Trump's China grudge match may be spinning out of control

Oct 2010
68,106
27,931
Colorado
#1
Tariffs, schmeriffs, what I want to know is which nations will pick up the slack when China stops buying US Treasury Bonds?

Trump's China grudge match
may be spinning out of control
Donald Trump the Dow Man and Donald Trump the Tariff Man found themselves back on a collision course Monday as U.S. markets tanked and fear of a full-scale trade war between the world’s two largest economies reemerged with a vengeance.​
The Dow Jones industrial average on Monday plunged 618 points, or roughly 2.7 percent, after a flurry of belligerent tweets from President Trump — and quick retaliation from China in the form of new tariffs — threw gut punches at hopes for a deal between the two nations.​
The sell-off framed a central conflict inside the White House — and seemingly within the president’s own mind. Trump loves a booming stock market, which he tracks obsessively, and views it as an indicator of success on par with his approval rating. At the same time, he loves his power to unilaterally impose tariffs, and sees winning tough concessions from China as key to his 2020 reelection bid.​
Worries are also growing that Trump and Chinese president Xi Jingping may have fundamentally, miscalculated, allowing their trade talks to become a political duel with a logic of its own.​
“Investors have always assumed that these are rational actors who will eventually realize that it’s in nobody’s best interest to escalate this any further,” said Megan Greene, chief economist at Manulife Asset Management. “But that could turn out to be wrong.”​

More: Trump's China grudge match may be spinning out of control
 
Nov 2005
8,998
3,481
California
#2
The escalation in trade tensions between the U.S. and China wiped more than $1 trillion from global markets in just one day.​
Wall Street saw a massive sell-off on Monday as investors responded to an escalating trade battle between the U.S. and China, after Beijing announced it would be slapping tit-for-tat tariffs on $60 billion of U.S. goods.
Concluding a session of steep losses, the Dow Jones Industrial Average ended down by 618 points, or 2.38 percent, marking the biggest one-day loss for the blue-chip index since January.​
At the closing bell, the S&P 500 had dipped 2.4 percent and the tech-heavy Nasdaq Composite ended its worst day this year, down 3.4 percent.​
The dramatic trading session saw companies with the greatest exposure to China — such as Dow stalwarts Boeing and Caterpillar — take the largest hits. The tech sector also took a beating, with Apple, United Technologies and Cisco all down around 5 percent.​
The escalation in trade tensions between the U.S. and China wiped more than $1 trillion from global markets in just one day. Stock exchanges across the world have witnessed intense volatility over the past few weeks, with all three major indices in the U.S. seeing an extended sell-off as investors parsed the likelihood of a resolution to months of trade negotiations between the world's two largest economies.​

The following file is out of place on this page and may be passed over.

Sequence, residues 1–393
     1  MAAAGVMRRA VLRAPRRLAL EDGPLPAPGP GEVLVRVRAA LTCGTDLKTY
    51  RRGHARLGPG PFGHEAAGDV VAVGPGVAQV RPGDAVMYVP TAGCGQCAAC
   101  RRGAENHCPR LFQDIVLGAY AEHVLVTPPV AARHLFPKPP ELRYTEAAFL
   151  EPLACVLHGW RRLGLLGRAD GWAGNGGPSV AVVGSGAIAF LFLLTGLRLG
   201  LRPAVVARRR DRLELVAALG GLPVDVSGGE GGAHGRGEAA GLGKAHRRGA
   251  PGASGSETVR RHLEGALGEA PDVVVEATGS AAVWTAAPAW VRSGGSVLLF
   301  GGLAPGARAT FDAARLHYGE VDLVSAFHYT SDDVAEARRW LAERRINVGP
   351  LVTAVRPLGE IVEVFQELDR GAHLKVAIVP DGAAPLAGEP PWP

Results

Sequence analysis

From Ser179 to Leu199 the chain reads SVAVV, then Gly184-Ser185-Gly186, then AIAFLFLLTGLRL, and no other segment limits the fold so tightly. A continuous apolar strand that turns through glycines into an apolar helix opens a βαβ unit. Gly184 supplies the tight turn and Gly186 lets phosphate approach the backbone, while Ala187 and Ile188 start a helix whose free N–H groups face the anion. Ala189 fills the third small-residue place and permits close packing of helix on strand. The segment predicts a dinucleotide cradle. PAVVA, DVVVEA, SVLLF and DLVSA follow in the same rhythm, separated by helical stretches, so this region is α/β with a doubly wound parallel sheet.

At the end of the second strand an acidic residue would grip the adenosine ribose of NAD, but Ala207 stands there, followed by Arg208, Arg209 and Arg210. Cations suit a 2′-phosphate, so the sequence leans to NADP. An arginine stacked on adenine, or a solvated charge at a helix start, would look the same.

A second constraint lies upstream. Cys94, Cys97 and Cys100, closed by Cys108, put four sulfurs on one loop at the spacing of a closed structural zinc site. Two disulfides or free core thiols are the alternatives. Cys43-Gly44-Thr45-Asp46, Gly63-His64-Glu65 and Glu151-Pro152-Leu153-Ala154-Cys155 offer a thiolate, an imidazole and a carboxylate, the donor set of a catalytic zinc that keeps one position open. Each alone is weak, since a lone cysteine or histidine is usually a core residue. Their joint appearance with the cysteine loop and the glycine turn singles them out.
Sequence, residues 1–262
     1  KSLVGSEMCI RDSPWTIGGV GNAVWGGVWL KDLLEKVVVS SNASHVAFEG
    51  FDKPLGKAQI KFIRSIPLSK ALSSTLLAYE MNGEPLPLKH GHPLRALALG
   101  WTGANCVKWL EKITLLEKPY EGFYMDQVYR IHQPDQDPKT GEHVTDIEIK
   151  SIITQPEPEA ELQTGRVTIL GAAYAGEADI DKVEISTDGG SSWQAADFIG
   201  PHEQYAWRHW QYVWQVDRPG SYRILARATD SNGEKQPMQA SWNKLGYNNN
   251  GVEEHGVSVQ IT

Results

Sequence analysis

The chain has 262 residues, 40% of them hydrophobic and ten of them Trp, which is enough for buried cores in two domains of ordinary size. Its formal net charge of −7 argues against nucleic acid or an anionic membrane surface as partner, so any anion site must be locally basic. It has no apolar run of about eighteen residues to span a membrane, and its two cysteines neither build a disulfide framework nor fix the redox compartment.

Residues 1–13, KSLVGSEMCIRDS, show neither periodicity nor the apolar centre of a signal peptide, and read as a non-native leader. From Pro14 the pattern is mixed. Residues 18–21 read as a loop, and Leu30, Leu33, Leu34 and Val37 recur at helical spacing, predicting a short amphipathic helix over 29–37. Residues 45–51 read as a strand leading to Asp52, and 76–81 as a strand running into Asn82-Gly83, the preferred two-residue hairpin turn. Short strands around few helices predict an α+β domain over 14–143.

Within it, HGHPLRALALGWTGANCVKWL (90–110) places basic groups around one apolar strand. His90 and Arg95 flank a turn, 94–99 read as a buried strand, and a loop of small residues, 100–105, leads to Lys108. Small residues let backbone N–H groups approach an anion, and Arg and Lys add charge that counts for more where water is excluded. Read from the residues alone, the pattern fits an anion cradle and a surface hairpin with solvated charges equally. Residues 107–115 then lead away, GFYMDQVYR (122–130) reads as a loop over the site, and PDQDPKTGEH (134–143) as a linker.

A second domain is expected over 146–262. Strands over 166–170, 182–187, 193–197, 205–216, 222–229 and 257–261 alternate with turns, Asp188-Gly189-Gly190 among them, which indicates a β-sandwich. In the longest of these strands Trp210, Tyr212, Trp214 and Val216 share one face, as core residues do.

"We've never taken in 10 cents [from China] until I was elected," President Donald Trump told reporters at the White House on Monday when asked about the ongoing trade war. "We're taking in billions of dollars in tariffs. I love the position that we are in, we've gone up a lot since our great election."​
While Trump has repeatedly asserted that China pays the tariffs, White House economic adviser Larry Kudlow acknowledged this weekend that U.S. consumers end up paying for the administration's tariffs on Chinese goods, telling "Fox News Sunday" in an interview that "Both sides will suffer on this."​

Dow ends the day down 618 points after dramatic day of losses

American people are footing a large chunk of the tariff bill...
It wiped out more than $1 trillion from global markets in one day and he wants to crow about "billions"???

Trump...
Freakin' clueless...
 
Apr 2013
38,364
26,347
La La Land North
#3
I can't find it now and I wonder if it was a retweet or something but one of the many Trump tweets I read today went on about how good the friendship is between Xi and him. They tried to backtrack on the agreement but he wouldn't allow it so they got mad. But he is sure that with his economic stable geniuses going to China to talk some more, it will all be over in a month.

But then he completely changed his tone this afternoon and evening. The story now (via tweet of course) is that China messed with him and he won't put up with that so he shoved it up their backsides. But keep in mind that with the invincible economy he has created this will be disastrous for China and a tiptoe through the tulips for the US because he's wonderful and stuff.
 
Jul 2014
14,962
9,173
massachusetts
#4
Trump has an election next year, Xi doesn't.
Trump is using the tactics he used to force subcontractors to settle for less than he owed them.
Big Guy could bully a subcontractor, but China isn't a subcontractor, China can wait til Trump is gone.
 
Apr 2014
3,170
1,371
redacted
#7
Tariffs, schmeriffs, what I want to know is which nations will pick up the slack when China stops buying US Treasury Bonds?

Trump's China grudge match
may be spinning out of control
Donald Trump the Dow Man and Donald Trump the Tariff Man found themselves back on a collision course Monday as U.S. markets tanked and fear of a full-scale trade war between the world’s two largest economies reemerged with a vengeance.​
The Dow Jones industrial average on Monday plunged 618 points, or roughly 2.7 percent, after a flurry of belligerent tweets from President Trump — and quick retaliation from China in the form of new tariffs — threw gut punches at hopes for a deal between the two nations.​